Initially, Tom Selleck turned down the Magnum series even though he was a con­tract player, nearing 35, who had never had a steady paycheck in the business and had absolutely no leverage. “I needed the job desperately, but I said no,” Selleck recalls. “It was this very perfect guy who owned a Ferrari, who had fabulous babes all over this estate. I said, ‘I’m not doing this guy; I don’t like him.’ ”

He was under contract to Universal Stu­dios at the time and was threatened with a lawsuit, but Selleck stuck to his position until the part was rewritten to create the flawed character of Thomas Magnum.

Away from klieg lights and cameras, Selleck has also taken a new role that is tailor-made for his appeal. By actively par­ticipating in fundraiser shooting tourna­ments, he hopes to put a stop to the “demo­nizing” of gunowners in America. “There are 70 million legal guns in this country,” Selleck says, “most of which are owned by people who aren’t felons, who don’t do drugs, et cetera.”

Those who’ve shot a tournament with Selleck describe him as very friendly and charming. He was funny and he looked like Magnum P.I. without being cocky about it.

World English Sporting Clays champion Linda Joy, who was on the same squad with Selleck at a recent tournament, says the actor “was an easy-going and likeable man. He was a pretty good shot and he didn’t flaunt his celebrity status.”

Sandy Abrams, organizer of the Holly­wood Celebrity Shoot, also recalls seeing the actor disembark from a helicopter on his way to a shooting tournament. “Selleck must have had 20 to 30 guns with him (on board the helicopter),” Abrams says. “He took down a gun case and pulled out a shotgun that must be worth more than the car you drive.”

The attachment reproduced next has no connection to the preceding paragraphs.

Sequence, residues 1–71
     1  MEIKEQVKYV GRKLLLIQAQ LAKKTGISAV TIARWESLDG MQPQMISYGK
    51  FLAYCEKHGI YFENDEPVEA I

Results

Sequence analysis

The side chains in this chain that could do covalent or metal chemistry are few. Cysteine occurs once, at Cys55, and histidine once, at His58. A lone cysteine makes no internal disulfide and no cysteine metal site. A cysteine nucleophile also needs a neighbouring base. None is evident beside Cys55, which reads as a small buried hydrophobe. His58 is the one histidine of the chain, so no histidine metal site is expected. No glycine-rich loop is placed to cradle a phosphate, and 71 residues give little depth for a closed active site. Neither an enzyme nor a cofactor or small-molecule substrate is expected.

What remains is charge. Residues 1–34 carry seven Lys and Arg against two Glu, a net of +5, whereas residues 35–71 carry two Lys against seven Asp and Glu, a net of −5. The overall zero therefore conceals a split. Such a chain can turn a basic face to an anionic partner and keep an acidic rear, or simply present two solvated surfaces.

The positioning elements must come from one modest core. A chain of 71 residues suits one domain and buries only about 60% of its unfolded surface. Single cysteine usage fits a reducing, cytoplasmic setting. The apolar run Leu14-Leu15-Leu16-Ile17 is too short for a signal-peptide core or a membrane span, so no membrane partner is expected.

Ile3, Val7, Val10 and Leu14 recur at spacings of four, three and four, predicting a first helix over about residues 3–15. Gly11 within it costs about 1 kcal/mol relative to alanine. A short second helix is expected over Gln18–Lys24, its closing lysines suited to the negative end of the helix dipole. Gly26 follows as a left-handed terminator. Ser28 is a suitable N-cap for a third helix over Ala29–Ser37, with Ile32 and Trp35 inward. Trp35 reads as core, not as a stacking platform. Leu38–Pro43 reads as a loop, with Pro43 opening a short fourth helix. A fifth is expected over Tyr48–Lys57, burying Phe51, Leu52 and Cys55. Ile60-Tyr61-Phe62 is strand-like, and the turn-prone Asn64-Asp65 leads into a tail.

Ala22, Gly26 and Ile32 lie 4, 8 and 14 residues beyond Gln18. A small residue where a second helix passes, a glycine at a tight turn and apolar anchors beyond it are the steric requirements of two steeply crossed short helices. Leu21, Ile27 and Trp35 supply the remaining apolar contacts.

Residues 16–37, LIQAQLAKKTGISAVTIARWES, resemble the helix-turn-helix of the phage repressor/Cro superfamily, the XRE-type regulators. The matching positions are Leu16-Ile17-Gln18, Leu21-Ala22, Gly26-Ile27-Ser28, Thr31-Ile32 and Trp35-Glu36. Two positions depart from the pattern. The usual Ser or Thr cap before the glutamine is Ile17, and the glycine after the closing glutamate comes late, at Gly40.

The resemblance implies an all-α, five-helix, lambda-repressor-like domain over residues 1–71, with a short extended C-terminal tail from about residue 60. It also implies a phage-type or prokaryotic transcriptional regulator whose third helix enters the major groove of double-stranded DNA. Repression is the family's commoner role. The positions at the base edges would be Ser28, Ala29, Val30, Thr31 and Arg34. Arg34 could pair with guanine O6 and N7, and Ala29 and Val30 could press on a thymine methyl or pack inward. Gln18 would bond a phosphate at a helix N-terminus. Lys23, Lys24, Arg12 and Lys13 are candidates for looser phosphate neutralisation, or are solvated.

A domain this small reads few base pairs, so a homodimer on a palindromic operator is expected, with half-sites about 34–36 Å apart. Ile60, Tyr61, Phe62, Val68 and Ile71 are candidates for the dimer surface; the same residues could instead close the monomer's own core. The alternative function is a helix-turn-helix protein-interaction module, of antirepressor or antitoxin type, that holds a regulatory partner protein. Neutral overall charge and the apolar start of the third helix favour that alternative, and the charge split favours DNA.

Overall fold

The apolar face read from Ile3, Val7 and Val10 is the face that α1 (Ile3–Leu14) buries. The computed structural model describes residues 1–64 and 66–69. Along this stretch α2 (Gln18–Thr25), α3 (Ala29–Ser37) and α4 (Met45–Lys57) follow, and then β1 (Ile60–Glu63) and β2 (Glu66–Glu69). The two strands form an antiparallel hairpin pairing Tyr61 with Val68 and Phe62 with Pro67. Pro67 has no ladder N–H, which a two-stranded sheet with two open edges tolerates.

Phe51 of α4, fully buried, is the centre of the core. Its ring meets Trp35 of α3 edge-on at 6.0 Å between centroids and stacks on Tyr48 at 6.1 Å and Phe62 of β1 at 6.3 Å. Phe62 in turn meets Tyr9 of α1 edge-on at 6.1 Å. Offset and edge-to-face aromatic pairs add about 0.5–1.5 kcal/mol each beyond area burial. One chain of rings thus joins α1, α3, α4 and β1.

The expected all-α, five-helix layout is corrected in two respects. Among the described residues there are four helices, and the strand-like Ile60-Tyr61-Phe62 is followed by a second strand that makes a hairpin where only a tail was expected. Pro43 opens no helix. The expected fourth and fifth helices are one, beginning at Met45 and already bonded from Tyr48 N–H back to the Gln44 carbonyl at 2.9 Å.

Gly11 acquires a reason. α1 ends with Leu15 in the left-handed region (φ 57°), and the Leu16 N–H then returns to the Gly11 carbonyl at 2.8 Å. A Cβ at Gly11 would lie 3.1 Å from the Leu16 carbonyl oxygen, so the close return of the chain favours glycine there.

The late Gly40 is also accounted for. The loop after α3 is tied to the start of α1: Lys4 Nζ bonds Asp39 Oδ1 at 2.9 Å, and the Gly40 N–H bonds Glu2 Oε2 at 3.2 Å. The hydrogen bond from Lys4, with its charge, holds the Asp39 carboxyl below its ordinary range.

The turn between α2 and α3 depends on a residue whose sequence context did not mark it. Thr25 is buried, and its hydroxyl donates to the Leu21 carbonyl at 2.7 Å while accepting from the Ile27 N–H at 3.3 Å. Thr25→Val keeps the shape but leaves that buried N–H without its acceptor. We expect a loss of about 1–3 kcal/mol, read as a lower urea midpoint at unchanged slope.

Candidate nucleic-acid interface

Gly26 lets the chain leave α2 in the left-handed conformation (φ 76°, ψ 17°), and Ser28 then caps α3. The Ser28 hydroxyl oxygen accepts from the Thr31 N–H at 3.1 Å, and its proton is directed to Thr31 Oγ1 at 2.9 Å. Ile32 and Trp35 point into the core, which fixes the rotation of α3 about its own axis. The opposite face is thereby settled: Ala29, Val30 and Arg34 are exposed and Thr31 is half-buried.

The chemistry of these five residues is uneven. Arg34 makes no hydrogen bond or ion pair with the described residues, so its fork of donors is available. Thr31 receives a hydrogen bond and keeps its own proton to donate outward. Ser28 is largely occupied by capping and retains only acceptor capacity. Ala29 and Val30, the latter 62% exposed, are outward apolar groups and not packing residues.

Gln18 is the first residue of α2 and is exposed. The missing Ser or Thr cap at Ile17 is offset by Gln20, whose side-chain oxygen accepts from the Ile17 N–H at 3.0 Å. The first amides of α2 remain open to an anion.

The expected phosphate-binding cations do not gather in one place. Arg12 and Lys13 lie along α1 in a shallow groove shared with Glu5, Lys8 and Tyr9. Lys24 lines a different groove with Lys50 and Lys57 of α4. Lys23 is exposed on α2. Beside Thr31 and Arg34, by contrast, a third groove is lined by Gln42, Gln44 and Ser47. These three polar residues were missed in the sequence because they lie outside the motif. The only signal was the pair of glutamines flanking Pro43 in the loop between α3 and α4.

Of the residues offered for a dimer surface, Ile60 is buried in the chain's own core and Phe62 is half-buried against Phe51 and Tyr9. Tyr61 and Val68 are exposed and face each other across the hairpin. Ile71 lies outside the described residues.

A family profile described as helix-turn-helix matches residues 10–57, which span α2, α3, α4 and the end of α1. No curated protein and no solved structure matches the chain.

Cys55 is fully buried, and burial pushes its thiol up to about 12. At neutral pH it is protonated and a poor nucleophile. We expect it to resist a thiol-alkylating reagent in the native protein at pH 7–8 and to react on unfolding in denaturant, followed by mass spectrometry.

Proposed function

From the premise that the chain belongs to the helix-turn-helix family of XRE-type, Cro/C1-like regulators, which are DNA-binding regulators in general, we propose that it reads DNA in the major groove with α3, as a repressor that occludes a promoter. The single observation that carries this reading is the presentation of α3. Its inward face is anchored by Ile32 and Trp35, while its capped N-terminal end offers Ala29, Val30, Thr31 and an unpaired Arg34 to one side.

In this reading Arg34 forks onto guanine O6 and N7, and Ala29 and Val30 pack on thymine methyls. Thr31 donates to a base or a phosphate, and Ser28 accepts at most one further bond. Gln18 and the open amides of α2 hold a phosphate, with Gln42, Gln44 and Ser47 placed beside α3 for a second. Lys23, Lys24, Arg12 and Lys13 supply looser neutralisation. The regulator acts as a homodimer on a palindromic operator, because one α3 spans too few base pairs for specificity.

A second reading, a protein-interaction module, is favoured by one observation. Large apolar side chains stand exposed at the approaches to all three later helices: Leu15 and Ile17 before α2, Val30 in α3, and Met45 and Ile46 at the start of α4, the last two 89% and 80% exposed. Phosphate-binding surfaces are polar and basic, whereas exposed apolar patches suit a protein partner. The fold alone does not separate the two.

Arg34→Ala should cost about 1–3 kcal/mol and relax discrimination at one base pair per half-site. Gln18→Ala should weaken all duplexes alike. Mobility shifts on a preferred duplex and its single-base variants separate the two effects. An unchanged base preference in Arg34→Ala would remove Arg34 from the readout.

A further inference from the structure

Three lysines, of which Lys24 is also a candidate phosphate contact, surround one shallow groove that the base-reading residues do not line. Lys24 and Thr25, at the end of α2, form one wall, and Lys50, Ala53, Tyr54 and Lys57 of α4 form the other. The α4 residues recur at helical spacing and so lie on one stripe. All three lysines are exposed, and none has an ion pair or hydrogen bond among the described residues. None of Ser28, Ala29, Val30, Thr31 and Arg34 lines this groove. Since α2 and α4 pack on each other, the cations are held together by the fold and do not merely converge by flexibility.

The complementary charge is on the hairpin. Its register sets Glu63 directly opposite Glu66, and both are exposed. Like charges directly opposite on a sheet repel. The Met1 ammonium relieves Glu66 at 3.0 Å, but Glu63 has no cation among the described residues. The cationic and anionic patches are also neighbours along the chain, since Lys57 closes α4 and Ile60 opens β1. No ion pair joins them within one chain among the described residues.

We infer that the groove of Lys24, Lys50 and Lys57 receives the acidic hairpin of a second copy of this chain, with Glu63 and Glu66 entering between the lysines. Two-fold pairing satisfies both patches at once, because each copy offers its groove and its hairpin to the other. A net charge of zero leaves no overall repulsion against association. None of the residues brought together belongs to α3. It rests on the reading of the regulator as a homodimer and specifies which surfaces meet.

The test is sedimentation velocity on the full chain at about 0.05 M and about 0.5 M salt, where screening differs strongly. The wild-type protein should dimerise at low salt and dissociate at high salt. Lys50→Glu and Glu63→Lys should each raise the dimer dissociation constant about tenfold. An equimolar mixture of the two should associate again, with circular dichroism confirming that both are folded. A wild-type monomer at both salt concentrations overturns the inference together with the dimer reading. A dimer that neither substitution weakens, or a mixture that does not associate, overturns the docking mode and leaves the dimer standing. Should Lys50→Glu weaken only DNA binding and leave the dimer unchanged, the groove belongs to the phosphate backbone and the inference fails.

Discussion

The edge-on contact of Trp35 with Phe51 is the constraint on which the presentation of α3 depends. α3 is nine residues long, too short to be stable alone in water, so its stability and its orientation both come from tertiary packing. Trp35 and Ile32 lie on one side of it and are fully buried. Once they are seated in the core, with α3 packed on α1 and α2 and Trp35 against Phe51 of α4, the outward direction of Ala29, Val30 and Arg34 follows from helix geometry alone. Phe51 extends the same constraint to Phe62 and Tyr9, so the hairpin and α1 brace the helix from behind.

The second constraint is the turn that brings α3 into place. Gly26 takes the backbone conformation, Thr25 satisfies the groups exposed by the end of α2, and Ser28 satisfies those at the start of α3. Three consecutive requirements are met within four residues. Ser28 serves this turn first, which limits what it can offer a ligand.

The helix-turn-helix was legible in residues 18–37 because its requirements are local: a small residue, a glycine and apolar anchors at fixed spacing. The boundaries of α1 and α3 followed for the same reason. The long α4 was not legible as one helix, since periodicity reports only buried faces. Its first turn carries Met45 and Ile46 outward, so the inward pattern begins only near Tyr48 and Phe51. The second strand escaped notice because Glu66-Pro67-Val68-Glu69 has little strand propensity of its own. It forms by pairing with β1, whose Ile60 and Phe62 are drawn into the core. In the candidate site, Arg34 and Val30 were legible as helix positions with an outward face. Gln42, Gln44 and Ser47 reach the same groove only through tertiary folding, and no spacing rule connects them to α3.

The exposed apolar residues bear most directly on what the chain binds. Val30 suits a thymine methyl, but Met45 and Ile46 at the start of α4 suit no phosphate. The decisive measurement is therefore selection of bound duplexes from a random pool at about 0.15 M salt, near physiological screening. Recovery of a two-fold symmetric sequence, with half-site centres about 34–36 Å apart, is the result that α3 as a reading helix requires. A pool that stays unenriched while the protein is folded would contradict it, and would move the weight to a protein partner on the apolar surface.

Michael Shea, Fiocchi’s director of ammu­nition sales, confirms Selleck’s love affair with museum-quality shotguns. In one shooting tournament, Shea was on the same squad with Selleck, who shot the match with a gold-inlayed Beretta S05 shotgun “worth at least $20,000.” The actor also brought with him a Colt .45 semi-auto with pearl grips.

“What probably impressed me most was when I found out that Tom Selleck was really a nice guy,” Shea says. “He was not like some of the Hollywood guys who will just blow you off. He is really down-­to-earth. ”

For many of his new shooting buddies, Tom Selleck is still Magnum Pl., with a good heart, with neatly-trimmed mustache, without the Ferrari.

He is Thomas Magnum with a hand­some sporting shotgun.

(Roni Toldanes was managing editor of Gun World, the oldest firearms magazine in the United States; group managing editor of Knives Illustrated, and editor of Gun Games, America’s shooting sports magazine. He also worked as editor-in-chief of weekly newspapers; news editor, senior copy editor, assignment editor and editorial board member of major daily newspapers in California, Texas, New Jersey, Florida and Georgia. He covered southeast Asia as a foreign correspondent and chief editor of an international news agency.)